PPM1D is a serine-threonine protein phosphatase that negatively regulates the cellular stress response (Figure 3B). Cells that encounter replicative stress through exposure to chemotherapy rapidly activate DNA repair and cell cycle checkpoint pathways via phosphorylation of specific residues on various proteins, including ATM, CHK1, and P53. P53, which represents the central coordinating node of these pathways, induces expression of PPM1D, which in turn triggers a return to steady state through its phosphatase activity. Mutations in PPM1D are localized to exon 6 and cause C-terminal truncations that may cause an increase in phosphatase activity that aberrantly inhibits checkpoint and DNA damage response pathways.27 

TP53 mutations have long been recognized to occur more frequently in therapy-related myeloid neoplasms than in de novo myeloid neoplasms.28  This epidemiological observation is consistent with the established consequences of TP53 dysfunction during the DNA damage response after exposure to cytotoxic agents.29  Moreover, TP53 mutations can be identified in the peripheral blood of some patients who develop t-MDS/therapy-related AML, even before exposure to chemotherapy, suggesting that cytotoxic therapies can select for preexisting clones with acquired DNA damage response dysfunction.24  Experimental evidence in a mouse model of Tp53 insufficiency supports this clinical observation, showing that Tp53+/− hematopoietic stem/progenitor cells preferentially expand after exposure to the alkylating agent N-ethyl-N-nitrosurea.24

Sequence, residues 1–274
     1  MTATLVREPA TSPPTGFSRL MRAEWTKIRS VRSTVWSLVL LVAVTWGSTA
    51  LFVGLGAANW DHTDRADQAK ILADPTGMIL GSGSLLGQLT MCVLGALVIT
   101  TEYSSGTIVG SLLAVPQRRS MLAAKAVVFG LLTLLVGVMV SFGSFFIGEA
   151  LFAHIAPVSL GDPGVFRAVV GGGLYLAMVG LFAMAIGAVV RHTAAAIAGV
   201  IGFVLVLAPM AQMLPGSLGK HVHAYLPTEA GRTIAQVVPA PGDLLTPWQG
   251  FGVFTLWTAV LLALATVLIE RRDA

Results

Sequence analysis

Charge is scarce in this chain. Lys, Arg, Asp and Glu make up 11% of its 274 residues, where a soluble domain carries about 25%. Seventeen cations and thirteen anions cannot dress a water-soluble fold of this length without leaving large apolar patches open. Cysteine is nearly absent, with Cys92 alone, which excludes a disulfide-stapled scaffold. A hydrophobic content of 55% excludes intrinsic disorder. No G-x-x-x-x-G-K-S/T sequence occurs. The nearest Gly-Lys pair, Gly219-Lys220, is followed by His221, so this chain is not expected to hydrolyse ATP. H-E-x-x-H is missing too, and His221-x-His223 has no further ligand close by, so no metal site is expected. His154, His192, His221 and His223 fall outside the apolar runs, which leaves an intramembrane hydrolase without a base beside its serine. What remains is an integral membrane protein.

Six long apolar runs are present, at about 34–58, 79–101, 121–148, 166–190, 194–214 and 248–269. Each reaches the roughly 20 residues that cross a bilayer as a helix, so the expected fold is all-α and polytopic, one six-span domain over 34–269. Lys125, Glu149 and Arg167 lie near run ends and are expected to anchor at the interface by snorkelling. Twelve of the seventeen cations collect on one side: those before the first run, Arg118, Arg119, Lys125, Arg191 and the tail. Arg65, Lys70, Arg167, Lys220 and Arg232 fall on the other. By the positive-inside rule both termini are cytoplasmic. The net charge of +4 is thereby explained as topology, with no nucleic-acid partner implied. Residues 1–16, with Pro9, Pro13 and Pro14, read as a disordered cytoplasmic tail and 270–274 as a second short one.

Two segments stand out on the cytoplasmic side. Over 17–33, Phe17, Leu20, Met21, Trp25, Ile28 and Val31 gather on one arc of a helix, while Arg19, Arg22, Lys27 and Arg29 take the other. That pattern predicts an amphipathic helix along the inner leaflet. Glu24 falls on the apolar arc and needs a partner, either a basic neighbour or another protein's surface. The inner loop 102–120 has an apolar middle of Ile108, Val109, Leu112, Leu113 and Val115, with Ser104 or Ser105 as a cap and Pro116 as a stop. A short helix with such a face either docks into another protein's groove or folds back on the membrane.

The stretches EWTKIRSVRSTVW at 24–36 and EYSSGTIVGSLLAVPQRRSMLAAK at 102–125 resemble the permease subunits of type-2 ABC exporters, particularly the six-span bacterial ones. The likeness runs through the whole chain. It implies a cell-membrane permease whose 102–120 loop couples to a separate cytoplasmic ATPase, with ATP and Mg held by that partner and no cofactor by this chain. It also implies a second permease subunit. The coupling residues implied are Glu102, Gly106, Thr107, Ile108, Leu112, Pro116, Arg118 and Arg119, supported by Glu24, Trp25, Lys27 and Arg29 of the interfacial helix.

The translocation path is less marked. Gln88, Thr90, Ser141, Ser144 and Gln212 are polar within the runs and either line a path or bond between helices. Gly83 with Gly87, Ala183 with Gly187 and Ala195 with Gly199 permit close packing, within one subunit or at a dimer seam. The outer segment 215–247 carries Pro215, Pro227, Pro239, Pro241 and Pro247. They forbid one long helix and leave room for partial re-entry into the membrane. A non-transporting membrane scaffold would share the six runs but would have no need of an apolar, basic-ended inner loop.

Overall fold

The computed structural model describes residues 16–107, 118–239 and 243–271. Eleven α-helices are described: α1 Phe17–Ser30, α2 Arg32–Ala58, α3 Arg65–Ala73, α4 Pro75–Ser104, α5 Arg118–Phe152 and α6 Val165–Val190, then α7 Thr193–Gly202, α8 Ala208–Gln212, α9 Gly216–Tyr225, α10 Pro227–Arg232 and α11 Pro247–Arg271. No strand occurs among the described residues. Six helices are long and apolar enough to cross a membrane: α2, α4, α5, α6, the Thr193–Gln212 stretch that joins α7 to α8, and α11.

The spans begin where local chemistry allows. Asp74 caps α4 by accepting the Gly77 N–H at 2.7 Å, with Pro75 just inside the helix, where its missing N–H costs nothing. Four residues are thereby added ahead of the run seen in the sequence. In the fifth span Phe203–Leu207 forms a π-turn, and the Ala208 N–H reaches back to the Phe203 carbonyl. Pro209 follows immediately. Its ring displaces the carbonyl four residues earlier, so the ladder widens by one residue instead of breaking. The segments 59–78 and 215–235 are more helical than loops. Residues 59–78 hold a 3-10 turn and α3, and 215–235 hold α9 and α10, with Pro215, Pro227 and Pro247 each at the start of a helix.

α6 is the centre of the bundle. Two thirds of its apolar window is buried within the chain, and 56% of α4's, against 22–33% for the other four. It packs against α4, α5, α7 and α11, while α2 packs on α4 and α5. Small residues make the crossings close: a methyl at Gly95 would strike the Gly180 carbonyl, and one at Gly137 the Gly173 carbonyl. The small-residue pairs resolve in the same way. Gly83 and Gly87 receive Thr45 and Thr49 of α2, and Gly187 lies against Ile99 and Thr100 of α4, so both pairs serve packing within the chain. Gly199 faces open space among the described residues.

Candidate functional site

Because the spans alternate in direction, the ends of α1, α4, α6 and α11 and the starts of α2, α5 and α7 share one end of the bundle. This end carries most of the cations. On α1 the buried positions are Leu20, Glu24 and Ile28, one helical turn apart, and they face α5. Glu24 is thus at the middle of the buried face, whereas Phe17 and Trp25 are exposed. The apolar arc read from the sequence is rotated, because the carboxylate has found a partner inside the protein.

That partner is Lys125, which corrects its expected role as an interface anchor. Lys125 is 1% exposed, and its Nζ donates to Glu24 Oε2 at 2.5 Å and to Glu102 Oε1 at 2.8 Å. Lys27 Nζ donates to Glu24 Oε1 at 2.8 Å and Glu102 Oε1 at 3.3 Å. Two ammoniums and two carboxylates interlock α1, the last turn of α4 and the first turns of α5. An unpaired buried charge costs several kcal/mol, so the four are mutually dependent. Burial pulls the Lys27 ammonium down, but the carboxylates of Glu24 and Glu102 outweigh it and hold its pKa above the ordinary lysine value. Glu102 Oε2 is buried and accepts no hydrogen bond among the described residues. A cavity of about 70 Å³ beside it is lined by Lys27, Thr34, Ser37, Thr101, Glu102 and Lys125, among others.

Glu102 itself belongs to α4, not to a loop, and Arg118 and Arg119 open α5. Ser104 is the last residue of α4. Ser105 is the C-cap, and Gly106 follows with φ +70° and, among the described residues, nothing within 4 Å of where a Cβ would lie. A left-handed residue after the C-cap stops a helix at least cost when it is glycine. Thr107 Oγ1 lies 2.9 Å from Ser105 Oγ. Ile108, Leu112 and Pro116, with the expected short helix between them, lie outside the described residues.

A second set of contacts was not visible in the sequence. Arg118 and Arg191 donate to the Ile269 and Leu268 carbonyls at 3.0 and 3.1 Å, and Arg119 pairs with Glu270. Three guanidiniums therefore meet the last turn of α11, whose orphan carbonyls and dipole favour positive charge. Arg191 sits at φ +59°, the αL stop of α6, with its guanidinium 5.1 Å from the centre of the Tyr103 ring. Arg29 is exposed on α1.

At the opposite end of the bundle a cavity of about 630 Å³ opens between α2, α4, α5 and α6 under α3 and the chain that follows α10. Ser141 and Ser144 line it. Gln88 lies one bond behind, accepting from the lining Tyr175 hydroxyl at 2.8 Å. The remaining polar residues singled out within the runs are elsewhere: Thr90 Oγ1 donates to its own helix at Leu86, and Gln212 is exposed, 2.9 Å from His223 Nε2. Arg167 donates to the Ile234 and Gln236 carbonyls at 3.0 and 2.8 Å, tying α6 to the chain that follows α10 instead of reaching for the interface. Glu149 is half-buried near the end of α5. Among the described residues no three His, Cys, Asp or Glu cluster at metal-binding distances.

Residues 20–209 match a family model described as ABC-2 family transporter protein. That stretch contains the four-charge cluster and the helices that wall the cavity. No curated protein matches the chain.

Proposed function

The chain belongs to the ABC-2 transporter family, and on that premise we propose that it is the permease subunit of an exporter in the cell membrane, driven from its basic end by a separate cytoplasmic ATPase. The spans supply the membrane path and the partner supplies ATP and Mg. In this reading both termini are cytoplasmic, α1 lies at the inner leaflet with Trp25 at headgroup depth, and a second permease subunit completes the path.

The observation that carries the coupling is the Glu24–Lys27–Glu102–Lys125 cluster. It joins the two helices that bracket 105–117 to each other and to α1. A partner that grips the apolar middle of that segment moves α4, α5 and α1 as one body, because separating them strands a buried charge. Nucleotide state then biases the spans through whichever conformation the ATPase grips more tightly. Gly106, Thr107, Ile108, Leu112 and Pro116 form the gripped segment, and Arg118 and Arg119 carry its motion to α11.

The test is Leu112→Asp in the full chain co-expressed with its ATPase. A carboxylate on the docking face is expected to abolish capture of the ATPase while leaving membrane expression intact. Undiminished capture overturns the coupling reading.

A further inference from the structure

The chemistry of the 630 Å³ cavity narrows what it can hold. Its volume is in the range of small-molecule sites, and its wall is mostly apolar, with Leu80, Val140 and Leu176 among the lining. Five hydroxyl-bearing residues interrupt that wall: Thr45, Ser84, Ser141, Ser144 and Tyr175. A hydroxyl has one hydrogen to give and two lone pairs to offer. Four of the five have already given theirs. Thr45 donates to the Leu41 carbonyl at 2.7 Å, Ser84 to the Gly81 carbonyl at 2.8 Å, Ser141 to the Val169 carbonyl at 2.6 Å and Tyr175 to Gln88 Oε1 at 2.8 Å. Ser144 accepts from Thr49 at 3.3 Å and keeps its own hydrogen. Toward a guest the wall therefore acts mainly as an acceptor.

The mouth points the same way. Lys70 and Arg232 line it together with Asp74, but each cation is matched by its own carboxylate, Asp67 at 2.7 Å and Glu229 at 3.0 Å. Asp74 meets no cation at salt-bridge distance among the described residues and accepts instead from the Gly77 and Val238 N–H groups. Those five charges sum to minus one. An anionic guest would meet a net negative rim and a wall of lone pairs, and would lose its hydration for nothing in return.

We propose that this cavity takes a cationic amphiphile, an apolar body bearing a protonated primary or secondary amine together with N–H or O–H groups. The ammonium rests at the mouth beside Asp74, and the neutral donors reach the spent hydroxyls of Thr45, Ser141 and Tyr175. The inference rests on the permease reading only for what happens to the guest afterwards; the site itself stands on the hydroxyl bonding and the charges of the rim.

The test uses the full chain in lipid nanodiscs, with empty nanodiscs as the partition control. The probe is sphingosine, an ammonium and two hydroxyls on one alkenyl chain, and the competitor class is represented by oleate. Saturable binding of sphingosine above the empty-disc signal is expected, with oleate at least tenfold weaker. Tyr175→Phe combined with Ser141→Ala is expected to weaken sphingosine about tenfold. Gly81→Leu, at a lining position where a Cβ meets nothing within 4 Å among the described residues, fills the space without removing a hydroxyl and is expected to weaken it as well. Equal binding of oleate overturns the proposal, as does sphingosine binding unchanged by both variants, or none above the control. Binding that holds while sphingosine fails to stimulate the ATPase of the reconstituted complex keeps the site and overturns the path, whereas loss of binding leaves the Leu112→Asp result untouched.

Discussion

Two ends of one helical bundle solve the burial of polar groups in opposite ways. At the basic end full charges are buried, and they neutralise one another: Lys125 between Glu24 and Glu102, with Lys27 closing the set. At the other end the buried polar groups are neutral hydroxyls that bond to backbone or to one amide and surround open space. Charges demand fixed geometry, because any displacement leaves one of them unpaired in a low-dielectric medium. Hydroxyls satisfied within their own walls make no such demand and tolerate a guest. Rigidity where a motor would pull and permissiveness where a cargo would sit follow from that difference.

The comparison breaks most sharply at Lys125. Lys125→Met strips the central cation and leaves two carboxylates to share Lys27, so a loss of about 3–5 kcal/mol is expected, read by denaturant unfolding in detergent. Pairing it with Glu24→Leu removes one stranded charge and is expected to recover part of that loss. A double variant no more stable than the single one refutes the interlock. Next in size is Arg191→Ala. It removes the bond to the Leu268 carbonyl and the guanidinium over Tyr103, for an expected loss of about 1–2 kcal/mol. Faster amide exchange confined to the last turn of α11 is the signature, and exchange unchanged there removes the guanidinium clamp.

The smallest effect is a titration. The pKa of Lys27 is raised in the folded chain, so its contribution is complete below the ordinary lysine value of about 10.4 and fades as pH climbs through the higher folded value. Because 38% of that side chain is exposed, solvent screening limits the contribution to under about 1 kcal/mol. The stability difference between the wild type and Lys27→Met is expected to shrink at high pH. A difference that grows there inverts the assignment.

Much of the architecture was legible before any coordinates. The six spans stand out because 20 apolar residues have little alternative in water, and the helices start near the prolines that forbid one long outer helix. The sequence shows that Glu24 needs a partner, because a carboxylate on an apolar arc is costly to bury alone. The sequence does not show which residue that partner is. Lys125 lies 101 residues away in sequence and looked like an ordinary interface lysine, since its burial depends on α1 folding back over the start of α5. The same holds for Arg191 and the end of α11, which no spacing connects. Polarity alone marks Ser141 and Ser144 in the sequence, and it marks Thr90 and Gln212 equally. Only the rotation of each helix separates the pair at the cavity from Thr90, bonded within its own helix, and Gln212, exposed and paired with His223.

The strong statistical association between t-MDS and TP53 or PPM1D mutations as well as the shared biological role of TP53 or PPM1D in the DNA damage response suggest that these mutations mark a subset of t-MDS patients whose disease is directly driven or selected by therapeutic exposure. The potent selective pressures exerted by such therapies are further evidenced by the significant cooccurrence of PPM1D and TP53 mutations in individual patients. This association suggests either convergent evolution of distinct subclones under conditions of environmental selection or cooperative biological activity in the same clone. Together, these findings show that somatic genetic analysis can reveal the biological basis of clinically relevant heterogeneity in disease pathogenesis, even within a World Health Organization–defined subcategory. Furthermore, genetic annotation enables interrogation of alternative biological hypotheses. For example, poor outcomes in t-MDS without TP53 pathway alterations may be independent of disease biology and reflect global end organ dysfunction, alteration of the bone marrow microenvironment, or poor hematopoietic reserve.